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Re: The minibuffer vs. Dialog Boxes (Re: Making XEmacs be more up-to-dat

From: Brady Montz
Subject: Re: The minibuffer vs. Dialog Boxes (Re: Making XEmacs be more up-to-date)
Date: 22 Apr 2002 09:54:09 -0700
User-agent: Gnus/5.0808 (Gnus v5.8.8) XEmacs/21.5 (bamboo)

"Stephen J. Turnbull" <address@hidden> writes:

> >>>>> "Brady" == Brady Montz <address@hidden> writes:
>     Brady> "Stephen J. Turnbull" <address@hidden> writes:
>     >> Hm, I use them all the time.  My only complaint is that we only
>     >> have mouse bindings for them.  I'd like to be able to type RET
>     >> on them.  Bonus points if C-x o TAB TAB RET Does The Right
>     >> Thing.
>     Brady> I didn't say you didn't use them. Just that I haven't seen
>     Brady> many doc strings that take much advantage of them for the
>     Brady> "see also" purpose.
>     Brady> Taking my running example of sort-lines, It's doc tells me
>     Brady> about it's config variable sort-fold-case, but I had to do
> I would say that's exactly right for a docstring.

I agree.

>     Brady> a find-library sort to look at the source to find out about
>     Brady> sort-paragraphs, sort-pages, sort-fields, ...
> That may be what _you_ resorted to, but besides Eli's suggestion of
> C-h a sort- RET, there's C-h C-f sort-lines RET (output appended
> below; taller than you would get on a 80x24 TTY, but the line
> containing "sort-paragraphs" would almost certainly appear).  My
> conclusion is that we don't need to redo all the docstrings, but
> rather to educate people better about the available help functions.

I don't think the doc strings need changing. When I piped in on this
thread, I viewed it as a thread about the UI, specifically for
beginers. I see very little in the UI which makes these various
options obvious, and the biggest single struggle I have helping emacs
beginners is helping them learn how to find out
information. Currently, people have suggested three ways to get to
sort-paragraph from sort-lines: open sort.el (my fallback approach),
apropos, or Info-elisp-ref, and putting xrefs in the doc strings.

Now, as for more xrefs in the docstring. Not good. Bad. For one thing,
they are too likely to get stale. For another, I think the
cross-referencing mechanism should be seperate from the little pieces
that are being referenced. I don't think it's a good interface if
there's a different way to get to the info node from the doc string
than vice versa. I don't think I ever suggested this, but I can see
why people might think that. My thinking more is that: I want xrefs,
docstrings have a few of those, but they don't do enough for that,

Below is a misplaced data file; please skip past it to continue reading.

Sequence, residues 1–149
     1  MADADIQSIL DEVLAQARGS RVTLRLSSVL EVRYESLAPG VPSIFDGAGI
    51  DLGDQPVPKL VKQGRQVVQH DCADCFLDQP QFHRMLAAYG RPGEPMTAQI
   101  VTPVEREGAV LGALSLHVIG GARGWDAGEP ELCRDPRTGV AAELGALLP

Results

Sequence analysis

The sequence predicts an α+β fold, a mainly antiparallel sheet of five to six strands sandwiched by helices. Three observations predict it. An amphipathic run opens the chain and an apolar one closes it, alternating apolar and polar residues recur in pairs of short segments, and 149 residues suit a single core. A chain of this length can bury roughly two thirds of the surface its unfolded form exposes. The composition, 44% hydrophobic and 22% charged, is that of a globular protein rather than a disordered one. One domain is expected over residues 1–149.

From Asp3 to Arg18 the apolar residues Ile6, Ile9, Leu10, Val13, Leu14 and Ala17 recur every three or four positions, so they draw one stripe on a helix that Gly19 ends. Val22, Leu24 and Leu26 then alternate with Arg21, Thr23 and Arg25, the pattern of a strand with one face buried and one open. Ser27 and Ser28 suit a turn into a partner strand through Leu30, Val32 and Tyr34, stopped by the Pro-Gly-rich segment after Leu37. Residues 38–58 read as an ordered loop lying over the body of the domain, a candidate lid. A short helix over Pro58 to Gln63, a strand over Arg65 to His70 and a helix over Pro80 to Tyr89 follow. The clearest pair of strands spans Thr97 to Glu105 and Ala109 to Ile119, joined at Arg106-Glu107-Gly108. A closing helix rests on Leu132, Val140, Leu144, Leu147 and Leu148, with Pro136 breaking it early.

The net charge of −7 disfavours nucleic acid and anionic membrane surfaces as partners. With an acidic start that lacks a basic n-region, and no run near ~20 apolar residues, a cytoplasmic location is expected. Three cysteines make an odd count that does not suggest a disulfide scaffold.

people writing those strings generally aren't putting xrefs in, and
that's probably for the best cause xrefs are something different.

Back to my example. So far, three people have suggested three
ways. First, not all of these ways work for every function (for
example, C-h C-f gnus just failed for me), nor for every situation
(for example, starting from a keybinding instead of a function name),
none of them are apparant from the UI (I can only judge from xemacs,
and the inability of the beginners I've known to find them).

Now, once I found sort-paragraph, it was a "duh I shoulda C-h a and
that would have found it." But the fact is that even after 14 years, I
hadn't ever seen it. And I know I've read the docs for sort-lines
multiple times. I don't think I'm unusually dense, and I've seen many
posts to various lists and newsgroups where people, even well known
long-time users, had been missing out on "easy to find" functionality.

One of the points from way back in this thread was that emacs isn't as
easy to use as it could be. I think things like this are one reason
why. Emacs can do a lot, and you can do most anything with it,
including finding out everything you want to about how it works. But
there's just this "friction" between emacs and the user, where things
that could be much more simple or obvious just require that extra bit
of work that can result in the user just not doing it.


So, time to experiment with some code. I'd like to know any idioms
that people have for finding information. In particular, I'd like to
know the situations in which those idioms are used. For example,
knowing a fair bit about emacs, I generally start with my comfortable
turf which is a known similar function, then I apropos, search the
info pages or source, or a known phrase (generally with nice emacs
terms like buffers, regions, yank, that are stirring up so much
trouble elsewhere on this thread :)), and I google search. The more
familiar I am with a package, the less likely I am to start with the
info pages or menus.

Probably shouldn't email those suggestions on this thread. I'm keeping
this reply on this thread, but any replies to that last query should
probably go on their own thread or straight to me.

I think I'm viewing the documentation as a bit of a graph, with nodes
being what you know or where you are. Examples: the function name, the
key command, the phrase describing what you want, the info node, the
main source file for the package, a menu entry, the customize
page. And there's ways to get from each to the other. Which paths are
most common, which are the most useful, and which entry points are
most likely?

With any luck, an interactive tutorial similar to the ones they gave
me back in grade school about how to find stuff in the library will

 Brady Montz

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